This year, 2011, has been a year of tremendous natural disasters. It began with heavy rainfall in January in Queensland, Australia, and Rio de Janeiro Brazil, causing flooding, landslides, and crop losses. An earthquake in New Zealand followed in February, causing building collapses and an estimated $12 Billion in damages. Japan’s earthquake and tsunami in March resulted in the loss of an estimated 20,000 lives, massive destruction of buildings, loss of power and disruptions to transportation systems, a hurricane in the Eastern United States left 7 million people without power for days and many without power for weeks. Floods in Thailand that began in the summer and continued into December, flooded the capital, killed more than 500 residents and disrupted the lives of millions. In August, an earthquake rocked Virginia and shook buildings as far away as Massachusetts. And a rare October snow storm hit the North Eastern United States, leaving millions without power for days.
In all of this tragedy, there are some important observations:
- Disasters will strike where they are expected, such as the earthquake in Japan, and where they are not, such as the earthquake in Virginia.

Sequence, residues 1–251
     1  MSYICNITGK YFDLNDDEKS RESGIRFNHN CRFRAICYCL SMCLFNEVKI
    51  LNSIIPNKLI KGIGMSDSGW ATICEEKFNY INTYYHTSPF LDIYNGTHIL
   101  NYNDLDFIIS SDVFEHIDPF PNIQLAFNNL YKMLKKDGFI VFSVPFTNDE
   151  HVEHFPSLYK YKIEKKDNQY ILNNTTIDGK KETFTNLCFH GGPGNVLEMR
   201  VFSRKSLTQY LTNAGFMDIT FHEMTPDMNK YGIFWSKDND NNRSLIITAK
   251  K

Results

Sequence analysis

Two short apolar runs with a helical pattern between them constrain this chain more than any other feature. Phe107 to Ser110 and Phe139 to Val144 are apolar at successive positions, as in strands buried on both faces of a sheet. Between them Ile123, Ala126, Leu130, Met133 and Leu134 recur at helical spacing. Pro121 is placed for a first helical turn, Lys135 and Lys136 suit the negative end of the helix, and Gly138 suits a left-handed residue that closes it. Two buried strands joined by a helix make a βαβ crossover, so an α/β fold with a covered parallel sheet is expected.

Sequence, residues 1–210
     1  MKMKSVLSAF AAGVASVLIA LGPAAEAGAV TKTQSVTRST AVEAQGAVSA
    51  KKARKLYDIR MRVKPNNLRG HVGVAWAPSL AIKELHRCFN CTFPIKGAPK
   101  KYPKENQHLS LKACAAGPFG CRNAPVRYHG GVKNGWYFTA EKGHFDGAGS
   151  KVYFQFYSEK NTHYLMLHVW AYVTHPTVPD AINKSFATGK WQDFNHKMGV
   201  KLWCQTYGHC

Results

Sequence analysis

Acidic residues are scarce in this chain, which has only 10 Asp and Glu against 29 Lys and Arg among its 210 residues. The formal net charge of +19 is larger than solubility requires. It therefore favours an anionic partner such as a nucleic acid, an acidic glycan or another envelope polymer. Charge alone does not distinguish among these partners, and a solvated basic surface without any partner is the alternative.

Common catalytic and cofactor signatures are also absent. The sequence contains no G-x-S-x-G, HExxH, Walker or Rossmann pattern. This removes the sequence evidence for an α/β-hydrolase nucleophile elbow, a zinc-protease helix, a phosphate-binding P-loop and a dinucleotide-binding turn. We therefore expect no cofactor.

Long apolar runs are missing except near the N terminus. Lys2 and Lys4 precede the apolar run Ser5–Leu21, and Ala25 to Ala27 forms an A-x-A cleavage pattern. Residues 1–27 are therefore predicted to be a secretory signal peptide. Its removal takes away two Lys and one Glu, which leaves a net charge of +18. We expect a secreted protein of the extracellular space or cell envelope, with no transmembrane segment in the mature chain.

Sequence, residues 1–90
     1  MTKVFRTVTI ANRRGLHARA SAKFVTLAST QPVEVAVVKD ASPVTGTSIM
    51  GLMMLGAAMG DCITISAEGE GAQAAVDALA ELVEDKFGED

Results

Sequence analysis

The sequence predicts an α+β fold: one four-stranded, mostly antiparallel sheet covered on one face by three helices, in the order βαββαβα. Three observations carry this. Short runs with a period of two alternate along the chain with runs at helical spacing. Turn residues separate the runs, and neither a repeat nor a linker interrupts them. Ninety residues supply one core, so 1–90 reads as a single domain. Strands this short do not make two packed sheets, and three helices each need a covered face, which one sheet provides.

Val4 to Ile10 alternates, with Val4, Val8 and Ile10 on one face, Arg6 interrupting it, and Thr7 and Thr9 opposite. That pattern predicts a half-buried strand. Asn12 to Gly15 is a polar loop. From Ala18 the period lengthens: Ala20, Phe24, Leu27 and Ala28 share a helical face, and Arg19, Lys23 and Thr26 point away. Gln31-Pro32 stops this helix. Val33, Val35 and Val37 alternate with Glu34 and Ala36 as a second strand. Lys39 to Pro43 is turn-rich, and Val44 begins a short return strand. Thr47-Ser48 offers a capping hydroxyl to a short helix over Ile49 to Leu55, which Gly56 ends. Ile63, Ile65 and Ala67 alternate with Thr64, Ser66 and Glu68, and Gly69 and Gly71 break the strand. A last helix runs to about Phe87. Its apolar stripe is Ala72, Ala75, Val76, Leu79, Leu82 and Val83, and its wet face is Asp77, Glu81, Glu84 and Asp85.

- Disasters will strike when they are expected, such as hurricanes in the late summer, and when they are not, such as massive snow storms in the fall.
- Localized disasters, such as the floods in Thailand, can have far-reaching effects, such as the global disruption of the supply chain for disk drives.
The science that enables the prediction of the location, the size and the effect of natural disasters is improving, but it is far from perfect. The local impact of natural disasters is increasing, because people and businesses are migrating into a massive urban areas. The global impact of natural disasters is increasing, because the supply chain is highly specialized into centers of expertise, but at the same time is globally interconnected and interdependent. Because of this specialization, a flood in a relatively small country can impact the global availability and price of products for which the country provides a single, but critical component.
Perhaps the most valuable lesson in all of this tragedy is that a highly efficient global operation that concentrates capabilities into unique centers of expertise, leaves itself exposed to massive disruption from localized disasters and their impact on infrastructure and the workforce. One of our customers has reduced this risk by creating dual centers of expertise, separated not by hundreds of miles, but by half the globe. With the help of Axxana, these dual centers will operate not only highly efficiently, but 100% in synch. Perhaps it is time to re-think your strategy as well.